Symptoms of an Allergic Reaction
- Allergic reactions can cause
- Puffy red eyes
- Enlarged eyes
- Eye itching
These signs and symptoms may not develop right away taking up to three days to detect any reaction.
Eye irritation can often be mistaken for an allergic reaction, but eye irritations usually get better over time (generally within 24 hours) while allergies don’t get better, sometimes even worse.
Causes behind eye irritation can be:
- The adhesive fumes enter the eye
- You open your eyes during the treatment
- Insufficient lash suite ventilation
- Movement of gel pads under eyes
The results are red, irritated, swollen eyes. If you see improvement over time, you’ll know it might be eye irritation.
What To Do If Eyes Are Irritated From Eyelash Extensions?
Lash extensions are bacteria breeding grounds.
Thus, not removing eye makeup as thoroughly, or not wanting to rub your lashes for fear of them falling out, creates the ideal environment for bacteria to grow on the eyelid border.
Bacteria can then begin to irritate your eyes.
If you find your eyes becoming mildly irritated after having lash extensions applied, there are a few things you could do at home to help. Such as:
- Use oral antihistamine products
- Apply cold compresses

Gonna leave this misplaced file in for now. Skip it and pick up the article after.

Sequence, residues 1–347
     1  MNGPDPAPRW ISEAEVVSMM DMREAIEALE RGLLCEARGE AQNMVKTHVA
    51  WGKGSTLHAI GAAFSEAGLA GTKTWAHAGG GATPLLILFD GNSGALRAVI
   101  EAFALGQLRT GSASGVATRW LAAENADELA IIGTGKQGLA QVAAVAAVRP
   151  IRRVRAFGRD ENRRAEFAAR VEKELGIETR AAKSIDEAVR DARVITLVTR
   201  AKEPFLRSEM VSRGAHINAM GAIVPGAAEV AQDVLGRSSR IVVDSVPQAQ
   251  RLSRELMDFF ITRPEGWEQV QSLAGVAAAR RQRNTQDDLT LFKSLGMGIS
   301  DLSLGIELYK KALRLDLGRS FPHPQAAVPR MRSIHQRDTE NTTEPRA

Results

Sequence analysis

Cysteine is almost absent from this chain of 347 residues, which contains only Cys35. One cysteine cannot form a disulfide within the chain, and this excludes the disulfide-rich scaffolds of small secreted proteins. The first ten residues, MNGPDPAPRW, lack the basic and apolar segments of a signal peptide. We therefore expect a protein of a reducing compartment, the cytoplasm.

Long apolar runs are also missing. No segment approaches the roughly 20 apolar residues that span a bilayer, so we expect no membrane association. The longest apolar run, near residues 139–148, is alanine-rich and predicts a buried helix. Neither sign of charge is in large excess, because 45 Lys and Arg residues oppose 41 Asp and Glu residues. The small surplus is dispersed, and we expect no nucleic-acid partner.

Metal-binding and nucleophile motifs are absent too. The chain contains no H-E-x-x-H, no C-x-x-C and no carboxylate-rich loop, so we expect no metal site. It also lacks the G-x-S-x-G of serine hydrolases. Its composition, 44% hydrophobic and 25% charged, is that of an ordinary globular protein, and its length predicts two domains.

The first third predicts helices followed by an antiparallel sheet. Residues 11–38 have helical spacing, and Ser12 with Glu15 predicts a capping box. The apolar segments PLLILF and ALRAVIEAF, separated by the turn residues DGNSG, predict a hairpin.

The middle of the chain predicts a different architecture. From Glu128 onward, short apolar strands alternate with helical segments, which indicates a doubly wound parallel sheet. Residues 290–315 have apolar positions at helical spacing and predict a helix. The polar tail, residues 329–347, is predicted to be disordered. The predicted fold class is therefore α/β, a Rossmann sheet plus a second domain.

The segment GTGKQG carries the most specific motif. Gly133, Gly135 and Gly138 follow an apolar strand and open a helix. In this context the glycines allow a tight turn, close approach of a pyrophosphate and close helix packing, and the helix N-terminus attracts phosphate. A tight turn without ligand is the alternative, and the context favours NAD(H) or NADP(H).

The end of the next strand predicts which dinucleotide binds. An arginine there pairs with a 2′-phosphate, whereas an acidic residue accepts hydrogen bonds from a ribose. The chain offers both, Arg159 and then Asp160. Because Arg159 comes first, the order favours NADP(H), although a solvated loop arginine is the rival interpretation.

- Use allergy eye drops
- Use topical hydrocortisone cream
If any symptoms worsen and last longer than 24 to 48 hours, you should see your physician.
Can I Wear False Eyelashes With Dry Eye?
Can you still have glamorous lashes even if you have dry eyes? If you are going for the false lashes route, ophthalmologists advise against it.
Did you know your meibomian glands rest right below your eyelashes?
These glands produce oils that help coat the tear film and your eyelashes, preventing them from evaporating out of your eyes—placing false lashes on where those glands reside can risk damaging those glands more.
So, wearing false eyelashes that use a glue adhesive is not recommended.
If you’re going to do false lashes, try an ophthalmologist-approved eyelash kit.
Eyelash extensions can still be used if you have dry eyes as long as you care for them properly and you’ve had your dry eyes treatment, and your symptoms have decreased.
Be mindful, though, and go for a shorter lash length to prevent your extensions from exasperating your dry eyes.
What Can Go Wrong With Eyelash Extensions?
While there are definite benefits to having eyelash extensions added to your lashes, there are some drawbacks also.
Some disadvantages of eyelash extensions include:
- Corneal infection
- Swelling of the eyelid
- Temporary eyelash loss
- Dry eye
- Allergic reaction
- Risk of ripping off in your sleep
- It can affect the health of your natural lashes
- Development of styes
Blepharitis and Eyelash Extensions